“Americans are dying, health care workers are putting their lives on the line, and these twelve senators are spending their time trying to get oil and coal companies out of paying royalties? It’s embarrassing and irresponsible,” said Matt Lee-Ashley, a senior fellow at the left-leaning Center for American Progress.

“The main priorities for the Interior Department right now should be helping get emergency health care resources to tribal nations and doing everything in its power to stop the spread of the virus – period. Secretary Bernhardt should make absolutely clear that now is not the time to field oil industry bailout requests, let alone holding oil and gas lease sales— as he has been doing.”

Steve Bloch, legal director for the Southern Utah Wilderness Alliance, said the Republican members of Congress are “asking Interior Secretary Bernhardt to allow private oil, gas and coal companies in Utah and across the country to produce and sell federal commodities for private benefit and without compensating the federal taxpayer.”

“That’s astonishing,” Bloch said. “And it comes a time when these same companies are nominating and then buying hundreds of thousands of acres of leases across much of West’s remaining wild landscapes. Rather than prop up the fossil fuel industry, this is the time for the administration to lay the foundation for a speedy and just transition to a renewables driven, clean energy economy.”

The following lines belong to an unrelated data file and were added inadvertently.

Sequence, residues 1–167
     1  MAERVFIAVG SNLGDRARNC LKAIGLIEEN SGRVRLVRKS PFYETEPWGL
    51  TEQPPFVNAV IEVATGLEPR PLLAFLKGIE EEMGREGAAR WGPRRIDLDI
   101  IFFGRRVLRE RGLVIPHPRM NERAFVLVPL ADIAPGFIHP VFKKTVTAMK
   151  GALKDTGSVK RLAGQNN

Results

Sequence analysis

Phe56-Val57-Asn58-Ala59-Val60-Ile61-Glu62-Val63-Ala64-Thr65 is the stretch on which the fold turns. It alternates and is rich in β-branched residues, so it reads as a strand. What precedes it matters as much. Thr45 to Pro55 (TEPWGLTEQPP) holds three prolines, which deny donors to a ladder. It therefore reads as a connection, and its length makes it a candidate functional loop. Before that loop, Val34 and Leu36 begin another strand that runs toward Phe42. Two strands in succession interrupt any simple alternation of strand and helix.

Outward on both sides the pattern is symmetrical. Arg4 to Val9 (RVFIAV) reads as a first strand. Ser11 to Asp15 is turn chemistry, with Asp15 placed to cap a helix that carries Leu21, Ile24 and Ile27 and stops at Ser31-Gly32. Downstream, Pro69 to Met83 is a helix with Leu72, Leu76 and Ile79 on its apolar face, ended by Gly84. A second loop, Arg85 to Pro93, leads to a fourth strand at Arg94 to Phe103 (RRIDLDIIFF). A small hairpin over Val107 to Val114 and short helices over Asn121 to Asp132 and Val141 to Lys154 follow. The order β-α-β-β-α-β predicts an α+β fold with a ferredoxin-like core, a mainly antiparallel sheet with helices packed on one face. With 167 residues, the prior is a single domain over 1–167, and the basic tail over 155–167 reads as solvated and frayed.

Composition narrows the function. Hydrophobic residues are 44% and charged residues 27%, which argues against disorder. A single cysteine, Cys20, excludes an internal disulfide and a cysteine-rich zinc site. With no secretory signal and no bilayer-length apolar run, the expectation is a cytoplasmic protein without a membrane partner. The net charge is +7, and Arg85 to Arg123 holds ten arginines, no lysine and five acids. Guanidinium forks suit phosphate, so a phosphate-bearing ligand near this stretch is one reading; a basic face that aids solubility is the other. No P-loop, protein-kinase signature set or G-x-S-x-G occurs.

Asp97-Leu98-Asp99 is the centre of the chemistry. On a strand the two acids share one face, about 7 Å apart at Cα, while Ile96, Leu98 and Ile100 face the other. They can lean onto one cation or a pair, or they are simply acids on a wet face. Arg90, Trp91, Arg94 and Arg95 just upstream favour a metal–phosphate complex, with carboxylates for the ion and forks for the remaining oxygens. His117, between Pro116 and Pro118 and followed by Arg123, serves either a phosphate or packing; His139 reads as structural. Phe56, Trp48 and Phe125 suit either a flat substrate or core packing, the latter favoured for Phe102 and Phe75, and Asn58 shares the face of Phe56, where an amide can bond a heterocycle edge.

The Interior Department did not respond to a request for comment.

Brian Somers, the president of the Utah Mining Association, says the oil, gas and coal industries are critical sectors that “must stay in operation, especially during a time of crisis.”

He noted that 84% of electricity in Utah comes from coal-fired or natural gas-fueled power plants.

“How much worse off would our state be if 84% of the power which is being provided to hospitals, homes, stores, critical manufacturers and more was threatened?” Somers said.

“Fossil fuel producers are facing major challenges — which are especially acute in capital intensive industries like mining — from worker absences and economic disruptions from the COVID-19 pandemic. The request made to the secretary of Interior is in no way a ‘bailout.’ It is a request for a temporary delay in making payments to the federal government in order to preserve the capital they need to keep operating and providing Utahns the fuel and power they use every day.”

Utah's GOP members of Congress have all taken large sums of money from the energy sector for their campaigns and leadership political action committees over their careers, according to summaries by the Center for Responsive Politics.

The industry has contributed $358,000 to Lee since he took office in 2011. Romney took in about $114,000 from mining interests in his Senate campaign.

Stewart has taken $296,000 and Curtis about $55,000 from the industry.

Correction: The federal government took in nearly $155 million in royalties last year from public lands in Utah, with about 48% of that returned to state coffers.